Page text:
The United States is home to a multitude of different land snails, but most of them have largely the same basic needs. If you plan to raise some baby snails you found in the garden, you almost certainly don’t need much in the way of equipment or expertise. Normally, snails don't make particularly demanding pets, although they do need a suitable habitat and a plentiful supply of food.
Snails are mollusks, distantly related to squid, clams, cuttlefish and oysters. Specifically, they’re gastropods, along with limpets, slugs and others. Unlike slugs, snails can retreat into their shells when necessary, so they won’t die immediately in dry conditions. They can even seal themselves up and become dormant for a while. However, their skins are not waterproof and so they much prefer damp environments, which is why you often see snails emerging after rain. Most, although not all, land snails are herbivores, munching their way through a variety of plant material, including leaves and fruit.
To maintain humidity and prevent escapes, you need a glass or plastic container. Snails will eat their way out of cardboard, and even if a cage contained them, it would be very difficult to keep it damp enough -- the air in most homes is too dry for optimum snail welfare. A plastic box, such as a large, clean ice cream tub or storage box, is fine, as is a small aquarium. Make numerous holes in the lid with a sharp knife, poking it through from the underside of the lid and twisting. These are necessary for ventilation; just make sure the holes aren’t bigger than your snails.
Snails don’t need elaborate homes, having only a few basic requirements. Add 2 or more inches of chemical-free potting compost at the bottom of the box. Garden soil is not ideal because it contains a range of other organisms, some of which could be dangerous to the snails. A shelter, such as a large piece of bark or a plant or yoghurt pot on its side would be appreciated. Also include small saucers or lids for water and food. Other decorations, such as moss, are optional and mainly for your viewing enjoyment.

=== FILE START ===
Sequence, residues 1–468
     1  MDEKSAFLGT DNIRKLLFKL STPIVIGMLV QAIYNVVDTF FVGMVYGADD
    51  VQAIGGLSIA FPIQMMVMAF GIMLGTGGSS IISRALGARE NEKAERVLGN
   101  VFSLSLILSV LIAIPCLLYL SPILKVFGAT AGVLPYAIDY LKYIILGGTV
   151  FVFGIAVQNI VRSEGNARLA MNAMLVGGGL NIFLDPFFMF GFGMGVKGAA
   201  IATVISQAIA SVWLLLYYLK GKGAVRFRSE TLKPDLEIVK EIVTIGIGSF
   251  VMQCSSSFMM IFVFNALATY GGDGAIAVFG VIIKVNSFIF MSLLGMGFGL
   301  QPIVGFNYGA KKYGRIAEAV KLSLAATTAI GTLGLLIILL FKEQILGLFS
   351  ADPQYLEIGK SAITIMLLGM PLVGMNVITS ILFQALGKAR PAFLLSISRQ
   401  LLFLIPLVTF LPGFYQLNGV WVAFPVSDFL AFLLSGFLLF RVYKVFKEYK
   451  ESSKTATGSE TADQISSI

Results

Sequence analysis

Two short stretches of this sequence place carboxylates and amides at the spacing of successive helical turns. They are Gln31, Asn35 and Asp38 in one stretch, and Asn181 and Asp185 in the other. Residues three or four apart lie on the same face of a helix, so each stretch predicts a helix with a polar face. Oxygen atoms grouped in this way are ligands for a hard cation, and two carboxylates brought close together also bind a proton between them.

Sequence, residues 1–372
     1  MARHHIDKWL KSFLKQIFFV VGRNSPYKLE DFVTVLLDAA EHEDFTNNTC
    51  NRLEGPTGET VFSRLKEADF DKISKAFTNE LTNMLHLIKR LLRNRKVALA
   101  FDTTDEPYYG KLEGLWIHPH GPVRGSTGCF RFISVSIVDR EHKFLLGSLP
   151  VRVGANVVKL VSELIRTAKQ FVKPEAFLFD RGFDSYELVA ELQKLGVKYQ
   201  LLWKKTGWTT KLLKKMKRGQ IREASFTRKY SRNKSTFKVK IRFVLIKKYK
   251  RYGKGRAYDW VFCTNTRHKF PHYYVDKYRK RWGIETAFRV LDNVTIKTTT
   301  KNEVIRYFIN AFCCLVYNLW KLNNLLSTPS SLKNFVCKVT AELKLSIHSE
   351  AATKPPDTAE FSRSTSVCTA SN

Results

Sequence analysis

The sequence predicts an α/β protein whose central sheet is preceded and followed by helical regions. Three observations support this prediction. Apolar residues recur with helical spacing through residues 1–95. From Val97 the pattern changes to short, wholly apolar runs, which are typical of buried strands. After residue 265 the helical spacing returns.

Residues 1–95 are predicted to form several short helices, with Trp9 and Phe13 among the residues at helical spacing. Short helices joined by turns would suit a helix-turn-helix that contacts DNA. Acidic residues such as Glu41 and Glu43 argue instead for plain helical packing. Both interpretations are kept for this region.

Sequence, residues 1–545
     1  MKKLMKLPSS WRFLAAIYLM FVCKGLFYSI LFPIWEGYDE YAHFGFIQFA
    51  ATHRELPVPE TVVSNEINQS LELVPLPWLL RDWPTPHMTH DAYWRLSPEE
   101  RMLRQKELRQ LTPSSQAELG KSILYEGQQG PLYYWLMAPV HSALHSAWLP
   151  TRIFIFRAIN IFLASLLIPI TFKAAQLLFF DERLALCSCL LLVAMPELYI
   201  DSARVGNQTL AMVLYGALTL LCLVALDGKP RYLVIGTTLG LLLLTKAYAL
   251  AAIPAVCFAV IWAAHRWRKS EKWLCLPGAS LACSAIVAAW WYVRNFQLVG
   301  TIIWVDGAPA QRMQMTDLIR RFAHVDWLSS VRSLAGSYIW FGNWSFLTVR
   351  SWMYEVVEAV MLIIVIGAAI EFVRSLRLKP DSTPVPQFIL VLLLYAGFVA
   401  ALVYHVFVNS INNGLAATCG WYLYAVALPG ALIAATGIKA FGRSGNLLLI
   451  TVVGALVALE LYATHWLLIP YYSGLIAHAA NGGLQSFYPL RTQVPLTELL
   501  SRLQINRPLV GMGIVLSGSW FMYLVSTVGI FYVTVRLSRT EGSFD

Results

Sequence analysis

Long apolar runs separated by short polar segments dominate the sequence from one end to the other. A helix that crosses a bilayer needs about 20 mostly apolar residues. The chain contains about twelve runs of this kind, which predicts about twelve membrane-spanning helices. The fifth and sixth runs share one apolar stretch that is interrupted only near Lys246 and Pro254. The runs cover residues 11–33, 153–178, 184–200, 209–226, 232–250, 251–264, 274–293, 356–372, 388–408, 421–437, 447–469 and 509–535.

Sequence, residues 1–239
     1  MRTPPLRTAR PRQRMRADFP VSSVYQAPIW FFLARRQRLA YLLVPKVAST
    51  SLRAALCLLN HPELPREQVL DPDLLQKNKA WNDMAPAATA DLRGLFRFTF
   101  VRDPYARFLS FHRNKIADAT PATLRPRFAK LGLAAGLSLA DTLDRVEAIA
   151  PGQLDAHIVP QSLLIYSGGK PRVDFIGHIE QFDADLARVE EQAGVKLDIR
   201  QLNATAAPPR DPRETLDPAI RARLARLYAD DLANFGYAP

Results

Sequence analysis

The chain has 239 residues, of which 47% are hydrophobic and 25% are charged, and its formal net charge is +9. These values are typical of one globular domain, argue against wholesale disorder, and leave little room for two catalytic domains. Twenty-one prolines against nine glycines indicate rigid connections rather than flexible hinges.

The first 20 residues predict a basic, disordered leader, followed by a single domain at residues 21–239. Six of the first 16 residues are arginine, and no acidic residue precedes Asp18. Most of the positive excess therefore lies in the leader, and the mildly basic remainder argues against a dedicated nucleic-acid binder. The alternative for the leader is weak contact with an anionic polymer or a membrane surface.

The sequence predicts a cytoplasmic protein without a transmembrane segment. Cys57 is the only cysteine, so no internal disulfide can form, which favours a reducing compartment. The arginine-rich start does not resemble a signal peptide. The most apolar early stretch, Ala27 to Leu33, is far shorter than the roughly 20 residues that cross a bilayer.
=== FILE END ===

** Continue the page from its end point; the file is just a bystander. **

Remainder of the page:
Food and Drink
Unless your snails are an unusual species, they’ll probably be happy with a varied supply of leaves, such as lettuce, cabbage and various weeds, vegetable peelings and scraps from the kitchen, and the odd slice of fruit. Remove any uneaten food when it starts to rot or go moldy. The snails may or may not drink, so provide a small dish of water just in case. Tap water usually contains chlorine or chloramine, which won’t hurt you but are not very good for snails. Preferably, use bottled or rain water. If you want to use tap water, leave some in a bucket for 24 hours to allow the chlorine to evaporate.
Maintenance and Care
Mist the snail house regularly to stop the compost drying out. You’ll need to clean it occasionally, probably about once a week or every two weeks. Transfer the snails to another container, such as a smaller box with air holes and a little damp compost on the bottom. The shells of newly hatched snails are extremely delicate and remain so for a few weeks. As the snails mature, their shells will become tougher, but take care moving them when they are babies. Instead of picking them up with your fingers, just move whatever item they are resting on. Tip out the old compost and rinse the box and shelter before drying them, adding fresh compost and new food and replacing the snails.
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Judith Willson has been writing since 2009, specializing in environmental and scientific topics. She has written content for school websites and worked for a Glasgow newspaper. Willson has a Master of Arts in English from the University of Aberdeen, Scotland.